For example, Cortex might come across a customer at both an “At Risk of Churn” state and “Happy Birthday” state. In this instance, Cortex will prefer to take action to rectify “At Risk of Churn” over sending a birthday message, because it outranks the latter in urgency. Figure 2 above shows an example ordering for a theoretical client (we note the ordering depends on specific metrics, and may change per client).
Adapting to the Customer
Cortex effectively adapts to the customer journey, taking different actions based on different customer states. But perhaps more interestingly, it also adapts to each customer on an individual level.
When Cortex interacts with a customer by sending a recommendation, a discount, or even a “brand bite” of content, the user’s actions are logged and interpreted as feedback that, in turn, change Cortex’s behavior. If it learns that someone prefers recommendations for new items they haven’t seen before — we call this item discovery — then it will send more diverse items that may be less related to that user’s past behavior.
This is in contrast to someone who is more interested in items recommended because they relate directly to his or her previous purchases (e.g., if you bought dog food, we recommend a dog bone). Of course, all of our recommendation and incentive optimization can be customized for each client’s specific business logic, as we’ve covered in a previous post.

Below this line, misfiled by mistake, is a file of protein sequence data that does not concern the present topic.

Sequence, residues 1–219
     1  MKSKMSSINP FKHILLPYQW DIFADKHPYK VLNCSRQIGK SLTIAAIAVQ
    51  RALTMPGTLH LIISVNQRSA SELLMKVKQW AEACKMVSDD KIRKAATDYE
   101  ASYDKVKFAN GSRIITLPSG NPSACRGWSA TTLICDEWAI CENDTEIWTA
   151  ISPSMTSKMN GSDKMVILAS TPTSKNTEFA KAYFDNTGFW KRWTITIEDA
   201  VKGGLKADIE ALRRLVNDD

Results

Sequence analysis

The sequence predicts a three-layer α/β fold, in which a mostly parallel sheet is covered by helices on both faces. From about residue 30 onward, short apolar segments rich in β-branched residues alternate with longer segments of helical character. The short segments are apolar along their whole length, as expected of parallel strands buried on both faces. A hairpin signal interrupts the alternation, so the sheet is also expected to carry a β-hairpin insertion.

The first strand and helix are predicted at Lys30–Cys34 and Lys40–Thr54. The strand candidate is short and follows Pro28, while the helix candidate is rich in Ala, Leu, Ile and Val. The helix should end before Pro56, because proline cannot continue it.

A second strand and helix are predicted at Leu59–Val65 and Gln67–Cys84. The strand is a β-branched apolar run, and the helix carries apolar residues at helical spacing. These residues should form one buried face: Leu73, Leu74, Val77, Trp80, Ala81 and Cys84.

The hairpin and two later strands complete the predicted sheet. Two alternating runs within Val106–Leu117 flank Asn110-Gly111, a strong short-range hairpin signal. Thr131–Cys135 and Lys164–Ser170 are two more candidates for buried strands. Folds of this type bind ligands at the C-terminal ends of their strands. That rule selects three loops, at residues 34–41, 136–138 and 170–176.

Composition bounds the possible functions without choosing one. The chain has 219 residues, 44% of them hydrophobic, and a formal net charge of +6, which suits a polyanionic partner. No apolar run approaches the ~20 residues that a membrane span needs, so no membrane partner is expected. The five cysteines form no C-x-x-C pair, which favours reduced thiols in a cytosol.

Figure 3: Cortex sends recommendations based on what speaks to each customer on an individual level.
Similarly, if someone’s discounts aren’t enough to drive that conversion, Cortex will offer deeper discounts, but only deep enough to help that user make the move to spend. Just like with the recommendations, the feedback from each individual customer will drive Cortex’s behavior.
Cortex can optimize incentives to maximize conversion, which drives more revenue; or to preserve margin, which drives only the minimum discounts it takes to get people to spend.
In this way, Cortex adapts to individual customers and where they are in the customer journey, effectively adapting to each business over time, and automatically adjusting accordingly.
Inherent to this adaptability is the software’s ability to scale as the business scales. As each client’s business grows, Cortex learns more, and therefore adapts more. In this sense, it literally grows and changes in step with each client. For instance, if your business doubles its catalog of products, Cortex will learn how to recommend those different items as well. It literally scales and adapts to the evolution of your business, not just the actions of your customers.
We believe Cortex represents the future of marketing automation: truly autonomous software that touches customers at the appropriate points in their customer journey. This frees marketers to focus on strategy and content, rather than delivery and segmentation.
About the Author
Matthew Michelson is the Director of Data Science at Retention Science. He focuses on making data science actionable, from his time in investment management to the start-ups he has helped found and advises. He received his MS and Ph.D. in Computer Science from USC and his BS in Computer Science from Johns Hopkins University.